Our Wildflower: Protecting the Rare Habitat of the Dwarf Lake Iris

This is the fourth story in a series examining rare, threatened and endangered species that have found their homes in the unique habitats of Northeast Michigan. 

The official wildflower of the Great Lakes State is right at home anywhere it can get its feet wet along the rocky coast of Northern Lake Huron, but those places are getting harder to come by.

This pint-sized perennial is known for its deep blue flowers that emerge mere inches above the ground for a fleeting few weeks in May and June—individual blossoms last just days. The rest of the time, its yellow-green leaves cling close to the ground, hiding in plain sight until springtime comes around again.

Three dwarf lake iris blossoms photographed next to binoculars this spring in Presque Isle County. Photo courtesy Tom Cook

It’s a bit of a miracle this fragile flower exists at all: They grow in the thin, nutrient-poor soil that overlays limestone gravel and bedrock. The Northeast Michigan coast, rich with sand dunes and limestone deposits, creates the perfect habitat for the iris, found nowhere else outside the northern Great Lakes.

Along with a limited range that’s shrinking due to lakeshore development, the plant has been sought out by collectors who replant or sell it elsewhere. For these reasons, the dwarf lake iris was added in 1988 to the list of federally threatened species.

“Every native species has an innate special quality.”

Samantha Nellis, Huron Pines Watershed Planner

Because it’s so rare, seeing the flower in bloom is a treat for those who witness it. Such was the case for Tom Cook, who had his first sighting in May at his seasonal property in Presque Isle County.

“It’s amazing to see,” he said. “It grows along the side of the road, along my neighbors’ driveways and along our driveway. It makes you cherish the place you live because it makes you realize this region is special and unique and how its geology, plants and water are all tied together.”

Samantha Nellis is Watershed Planner for Huron Pines. She too stumbled across a patch of dwarf lake iris in full bloom along a well-worn walkway during a visit to Cheboygan State Park this spring.

“That was exciting and really surprising,” she said. “I was walking along a gravel road in a campground, in an area completely flattened out and mowed, and suddenly here’s this strip of beautiful irises. That’s how a lot of people seem to find them—they like those edges and gravel substrate.”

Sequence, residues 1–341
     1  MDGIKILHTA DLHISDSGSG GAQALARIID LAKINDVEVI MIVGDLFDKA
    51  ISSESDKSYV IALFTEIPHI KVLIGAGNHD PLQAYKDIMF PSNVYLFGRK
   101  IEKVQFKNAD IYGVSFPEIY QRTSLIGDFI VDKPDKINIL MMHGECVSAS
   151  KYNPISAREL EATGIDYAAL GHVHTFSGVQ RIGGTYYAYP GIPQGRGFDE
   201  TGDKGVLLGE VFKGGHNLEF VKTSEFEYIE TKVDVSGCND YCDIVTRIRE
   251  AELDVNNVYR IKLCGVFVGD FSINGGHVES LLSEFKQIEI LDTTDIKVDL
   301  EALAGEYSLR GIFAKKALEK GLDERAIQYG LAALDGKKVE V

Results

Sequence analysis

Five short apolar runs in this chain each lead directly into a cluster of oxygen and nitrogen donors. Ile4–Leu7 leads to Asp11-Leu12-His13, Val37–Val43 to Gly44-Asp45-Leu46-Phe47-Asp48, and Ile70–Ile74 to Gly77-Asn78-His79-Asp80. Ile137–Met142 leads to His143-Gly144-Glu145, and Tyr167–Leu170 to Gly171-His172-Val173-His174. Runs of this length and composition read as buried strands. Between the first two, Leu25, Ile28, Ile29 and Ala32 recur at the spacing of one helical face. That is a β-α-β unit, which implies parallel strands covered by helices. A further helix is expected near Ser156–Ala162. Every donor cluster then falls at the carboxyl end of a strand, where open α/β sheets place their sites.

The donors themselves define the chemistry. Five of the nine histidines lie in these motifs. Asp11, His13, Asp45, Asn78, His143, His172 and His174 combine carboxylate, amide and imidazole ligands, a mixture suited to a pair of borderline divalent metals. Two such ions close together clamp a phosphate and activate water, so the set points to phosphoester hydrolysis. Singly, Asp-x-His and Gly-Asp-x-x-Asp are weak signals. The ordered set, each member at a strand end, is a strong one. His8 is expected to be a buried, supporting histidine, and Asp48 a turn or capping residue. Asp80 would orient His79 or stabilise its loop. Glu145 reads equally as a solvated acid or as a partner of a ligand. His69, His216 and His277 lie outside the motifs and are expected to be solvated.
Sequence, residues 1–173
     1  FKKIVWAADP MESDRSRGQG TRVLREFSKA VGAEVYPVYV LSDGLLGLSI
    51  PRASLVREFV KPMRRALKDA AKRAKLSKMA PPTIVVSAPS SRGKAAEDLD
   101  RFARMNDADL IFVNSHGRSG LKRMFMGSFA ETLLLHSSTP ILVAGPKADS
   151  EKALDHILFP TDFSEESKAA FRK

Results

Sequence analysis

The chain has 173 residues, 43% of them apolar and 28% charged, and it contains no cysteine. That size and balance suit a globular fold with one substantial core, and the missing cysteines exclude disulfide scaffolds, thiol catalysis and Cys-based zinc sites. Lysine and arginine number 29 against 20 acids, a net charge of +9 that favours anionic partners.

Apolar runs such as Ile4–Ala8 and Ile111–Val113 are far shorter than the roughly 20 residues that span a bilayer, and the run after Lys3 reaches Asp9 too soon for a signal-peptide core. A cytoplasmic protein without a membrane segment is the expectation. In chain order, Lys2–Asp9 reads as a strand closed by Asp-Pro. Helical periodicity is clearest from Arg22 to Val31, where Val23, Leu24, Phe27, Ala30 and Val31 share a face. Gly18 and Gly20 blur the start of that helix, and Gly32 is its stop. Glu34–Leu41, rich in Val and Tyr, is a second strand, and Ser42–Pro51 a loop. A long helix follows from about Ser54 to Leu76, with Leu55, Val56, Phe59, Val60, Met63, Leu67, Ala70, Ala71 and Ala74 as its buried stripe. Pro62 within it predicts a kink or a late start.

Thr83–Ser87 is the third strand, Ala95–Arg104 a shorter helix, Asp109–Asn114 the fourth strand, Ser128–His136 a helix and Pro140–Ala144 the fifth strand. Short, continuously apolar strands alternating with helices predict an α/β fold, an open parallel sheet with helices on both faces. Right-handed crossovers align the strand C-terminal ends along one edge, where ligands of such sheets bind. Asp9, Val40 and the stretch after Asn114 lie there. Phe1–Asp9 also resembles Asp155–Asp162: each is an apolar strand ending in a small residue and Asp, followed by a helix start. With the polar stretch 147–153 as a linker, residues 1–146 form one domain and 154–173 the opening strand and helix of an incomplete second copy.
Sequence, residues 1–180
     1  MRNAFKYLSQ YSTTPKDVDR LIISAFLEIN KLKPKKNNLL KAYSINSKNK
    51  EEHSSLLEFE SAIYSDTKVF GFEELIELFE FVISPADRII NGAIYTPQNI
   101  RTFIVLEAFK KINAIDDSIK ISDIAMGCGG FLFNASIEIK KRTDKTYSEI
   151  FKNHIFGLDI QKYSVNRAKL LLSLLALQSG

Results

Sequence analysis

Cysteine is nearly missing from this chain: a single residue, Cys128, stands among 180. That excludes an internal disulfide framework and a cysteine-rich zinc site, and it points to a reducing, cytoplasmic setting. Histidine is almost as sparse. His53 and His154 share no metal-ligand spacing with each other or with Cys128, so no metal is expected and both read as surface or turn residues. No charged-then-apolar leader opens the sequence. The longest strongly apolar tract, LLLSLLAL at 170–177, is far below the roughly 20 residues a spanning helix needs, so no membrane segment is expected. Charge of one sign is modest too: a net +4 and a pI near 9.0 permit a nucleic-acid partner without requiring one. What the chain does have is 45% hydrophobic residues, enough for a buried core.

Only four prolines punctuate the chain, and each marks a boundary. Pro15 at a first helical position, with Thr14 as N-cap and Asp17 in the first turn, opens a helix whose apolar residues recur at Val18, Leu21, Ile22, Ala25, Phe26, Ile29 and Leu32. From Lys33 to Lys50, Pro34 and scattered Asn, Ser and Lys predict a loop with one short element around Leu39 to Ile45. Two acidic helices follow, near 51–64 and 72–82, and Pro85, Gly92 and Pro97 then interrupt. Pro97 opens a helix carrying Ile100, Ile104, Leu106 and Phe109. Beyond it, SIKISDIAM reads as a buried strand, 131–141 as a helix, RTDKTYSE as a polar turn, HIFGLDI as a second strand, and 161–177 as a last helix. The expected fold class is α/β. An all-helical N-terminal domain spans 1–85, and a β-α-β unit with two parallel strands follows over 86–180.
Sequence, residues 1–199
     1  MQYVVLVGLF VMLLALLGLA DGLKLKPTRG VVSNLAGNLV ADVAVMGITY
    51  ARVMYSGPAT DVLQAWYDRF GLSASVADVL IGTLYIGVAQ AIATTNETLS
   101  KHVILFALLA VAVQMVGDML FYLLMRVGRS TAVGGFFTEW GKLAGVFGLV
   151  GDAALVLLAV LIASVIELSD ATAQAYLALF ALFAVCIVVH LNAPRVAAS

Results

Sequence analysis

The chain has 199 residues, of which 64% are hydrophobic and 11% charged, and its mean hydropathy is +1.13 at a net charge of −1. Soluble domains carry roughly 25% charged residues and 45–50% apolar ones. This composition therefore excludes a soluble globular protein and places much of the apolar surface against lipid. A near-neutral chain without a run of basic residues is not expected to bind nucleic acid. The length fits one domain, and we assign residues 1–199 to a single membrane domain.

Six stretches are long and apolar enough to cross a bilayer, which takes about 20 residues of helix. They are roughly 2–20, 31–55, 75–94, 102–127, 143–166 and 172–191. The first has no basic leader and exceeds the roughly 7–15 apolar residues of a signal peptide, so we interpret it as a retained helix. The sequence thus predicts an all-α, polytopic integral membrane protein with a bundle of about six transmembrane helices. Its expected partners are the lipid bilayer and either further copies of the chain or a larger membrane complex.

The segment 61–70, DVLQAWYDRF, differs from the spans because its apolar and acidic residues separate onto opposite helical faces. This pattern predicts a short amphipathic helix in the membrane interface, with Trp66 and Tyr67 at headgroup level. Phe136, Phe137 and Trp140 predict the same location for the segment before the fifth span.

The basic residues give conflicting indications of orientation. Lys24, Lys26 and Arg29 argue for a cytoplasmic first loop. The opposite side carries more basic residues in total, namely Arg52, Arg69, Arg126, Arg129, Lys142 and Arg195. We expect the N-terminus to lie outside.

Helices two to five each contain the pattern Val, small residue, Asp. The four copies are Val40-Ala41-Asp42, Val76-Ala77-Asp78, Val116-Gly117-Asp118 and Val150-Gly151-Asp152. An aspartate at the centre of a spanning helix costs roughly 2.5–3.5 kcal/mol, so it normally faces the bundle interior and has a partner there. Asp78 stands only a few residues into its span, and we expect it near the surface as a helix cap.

Photo by Tom Cook

Nellis helped craft a Huron Pines Dwarf Lake Iris Best Practice Guide, a reference for those who carry out restoration- or construction-related work in nine northern counties where dwarf lake iris is present. The four-page guide offers ways to identify the plant and its likely habitat and recommends strategies for protecting and restoring the habitat through the course of a construction project such as road work related to a river restoration.

To help in another way, Huron Pines assisted Little Traverse Conservancy with acquiring Duncan Bay Nature Preserve, a 145-acre tract on the Cheboygan coast where the plant has been found. Huron Pines is also working with other groups to monitor habitats along northern Lake Huron and remove shoreline invasive species which drive the dwarf lake iris and other important native species from their habitats.

These efforts, Nellis said, reach far beyond protecting a single species from extinction.

“When you work to bring back one species you’re also protecting an entire system for wildlife and improving the resiliency of the ecosystem,” she said. “It helps with clean air and water which is good for local economies. It’s multifaceted work and not just about one species—every native species has an innate special quality.”

There are a few things you can do to identify and help protect the dwarf lake iris and its habitat:

  • Stay on marked trails and roadways, especially in areas near the Lake Huron coast.
  • Use a smartphone app like iNaturalist, Seek or PlantSnap to help identify plants and flowers using your phone’s camera. (These apps are fun and useful for identifying all kinds of interesting plants, fungi and insects.)
  • Take pictures, not plants.
  • Avoid using chemical lawn fertilizers or salting driveways near areas where the iris is established.
  • Support land protection efforts with a donation to Huron Pines at huronpines.org/donate.
  • Contact us at info@huronpines.org to participate in 2021 volunteer events.

3 thoughts on “Our Wildflower: Protecting the Rare Habitat of the Dwarf Lake Iris

  1. If you go to Thompson Harbor, the north entrance off US 23, and start walking the gravel road to Lake Huron, the dwarf irises carpet the road side in areas. They remind me of Bluebonnets in Texas.

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